For about 12 hours, there were numerous incorrect reports "about crashing and fires and landing," he said. "And then media started to go back and check, 'What do we really know?' I think that is the first time maybe that media trusted the data we had and started to report the last position was outside the Malaysian coast. It took between 12 and 24 hours, I think, before the reporting was more correct."
Four months later, after MH17 was shot down and crashed in Ukraine, it took just five minutes before Flightradar24's servers crashed.
After the first Malaysia Airlines incident, Robertsson said Flightradar24 began recording all of the data from a receiver so they could easily retrieve it in the event of a disaster.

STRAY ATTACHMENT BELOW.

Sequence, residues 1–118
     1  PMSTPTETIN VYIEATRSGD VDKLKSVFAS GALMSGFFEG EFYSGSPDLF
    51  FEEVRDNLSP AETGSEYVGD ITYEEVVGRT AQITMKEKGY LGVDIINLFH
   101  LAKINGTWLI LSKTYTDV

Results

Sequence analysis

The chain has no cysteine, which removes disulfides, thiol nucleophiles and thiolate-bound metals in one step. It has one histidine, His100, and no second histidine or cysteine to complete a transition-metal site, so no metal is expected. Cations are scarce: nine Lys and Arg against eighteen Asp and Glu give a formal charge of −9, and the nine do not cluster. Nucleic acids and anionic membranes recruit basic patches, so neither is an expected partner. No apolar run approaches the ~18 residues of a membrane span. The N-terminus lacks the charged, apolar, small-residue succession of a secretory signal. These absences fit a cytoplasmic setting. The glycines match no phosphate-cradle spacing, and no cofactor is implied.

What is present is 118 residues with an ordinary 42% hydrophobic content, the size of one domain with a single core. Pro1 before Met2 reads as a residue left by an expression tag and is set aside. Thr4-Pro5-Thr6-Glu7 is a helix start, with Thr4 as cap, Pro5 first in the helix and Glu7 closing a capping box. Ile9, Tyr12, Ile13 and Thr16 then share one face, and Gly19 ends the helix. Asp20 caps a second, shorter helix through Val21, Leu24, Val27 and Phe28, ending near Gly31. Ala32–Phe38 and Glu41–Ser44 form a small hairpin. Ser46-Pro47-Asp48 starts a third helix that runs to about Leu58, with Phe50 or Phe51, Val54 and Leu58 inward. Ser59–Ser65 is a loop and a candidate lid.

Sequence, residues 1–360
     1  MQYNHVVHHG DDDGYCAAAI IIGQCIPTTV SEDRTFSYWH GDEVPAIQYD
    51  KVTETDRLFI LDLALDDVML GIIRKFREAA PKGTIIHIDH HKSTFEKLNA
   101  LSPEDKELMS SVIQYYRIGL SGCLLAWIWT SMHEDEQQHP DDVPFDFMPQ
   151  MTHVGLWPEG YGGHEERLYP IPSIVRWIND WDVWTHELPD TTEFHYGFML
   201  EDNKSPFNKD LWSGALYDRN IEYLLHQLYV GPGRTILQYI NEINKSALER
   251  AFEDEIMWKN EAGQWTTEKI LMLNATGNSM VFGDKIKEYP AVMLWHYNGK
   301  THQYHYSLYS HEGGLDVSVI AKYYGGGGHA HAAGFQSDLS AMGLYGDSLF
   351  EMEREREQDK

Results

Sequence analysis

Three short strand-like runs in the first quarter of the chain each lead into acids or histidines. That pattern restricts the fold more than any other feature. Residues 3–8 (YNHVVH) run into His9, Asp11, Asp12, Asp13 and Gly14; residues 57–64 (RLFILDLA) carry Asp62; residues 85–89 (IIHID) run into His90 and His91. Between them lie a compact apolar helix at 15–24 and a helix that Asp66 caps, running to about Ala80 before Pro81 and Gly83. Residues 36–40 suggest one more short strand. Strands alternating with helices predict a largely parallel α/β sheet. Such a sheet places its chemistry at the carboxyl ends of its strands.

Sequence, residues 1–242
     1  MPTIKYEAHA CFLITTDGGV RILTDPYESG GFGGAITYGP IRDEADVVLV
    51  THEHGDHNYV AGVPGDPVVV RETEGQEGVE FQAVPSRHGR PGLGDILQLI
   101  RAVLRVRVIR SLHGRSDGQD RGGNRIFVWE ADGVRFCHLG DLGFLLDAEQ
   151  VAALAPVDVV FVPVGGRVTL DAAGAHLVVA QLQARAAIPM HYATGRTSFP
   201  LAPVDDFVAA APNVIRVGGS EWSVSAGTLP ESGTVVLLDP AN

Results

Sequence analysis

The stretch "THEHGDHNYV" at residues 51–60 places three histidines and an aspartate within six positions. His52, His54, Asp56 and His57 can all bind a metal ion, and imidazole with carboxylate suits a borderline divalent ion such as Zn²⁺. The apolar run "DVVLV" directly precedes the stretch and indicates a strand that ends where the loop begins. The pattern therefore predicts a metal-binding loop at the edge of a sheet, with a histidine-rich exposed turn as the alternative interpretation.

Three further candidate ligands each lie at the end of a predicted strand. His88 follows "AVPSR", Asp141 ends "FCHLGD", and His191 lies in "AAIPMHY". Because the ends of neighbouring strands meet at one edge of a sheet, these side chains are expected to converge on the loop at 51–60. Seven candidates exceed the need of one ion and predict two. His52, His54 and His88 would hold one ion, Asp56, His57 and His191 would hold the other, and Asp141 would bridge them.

"Everything is saved in the box, so if something happens we can go back and download the data," he said. "A receiver can only have five to ten hours of data before it is running out of memory so it's overwriting and we have to act quite fast when something happens to go back and get the data."
Immediately after the March 24, 2015, crash of Germanwings Flight 9525 in the French Alps, the Flightradar24 team downloaded the data from their receivers and saw a clear picture of what appeared to be a controlled descent, signalling the crash was intentional.
"We didn't go public with until the authorities said he [the co-pilot] basically committed suicide, but we could see," Lindahl said. "We figured it wasn't our place to do that before the authorities but after that we shared the data [with authorities]."
Watching It Live
The unanswered questions of a tragedy are part of what brings people to Flightradar24, but Robertsson and Lindahl said they have also noticed a spike in curiosity when people want to follow an aviation event as it unfolds.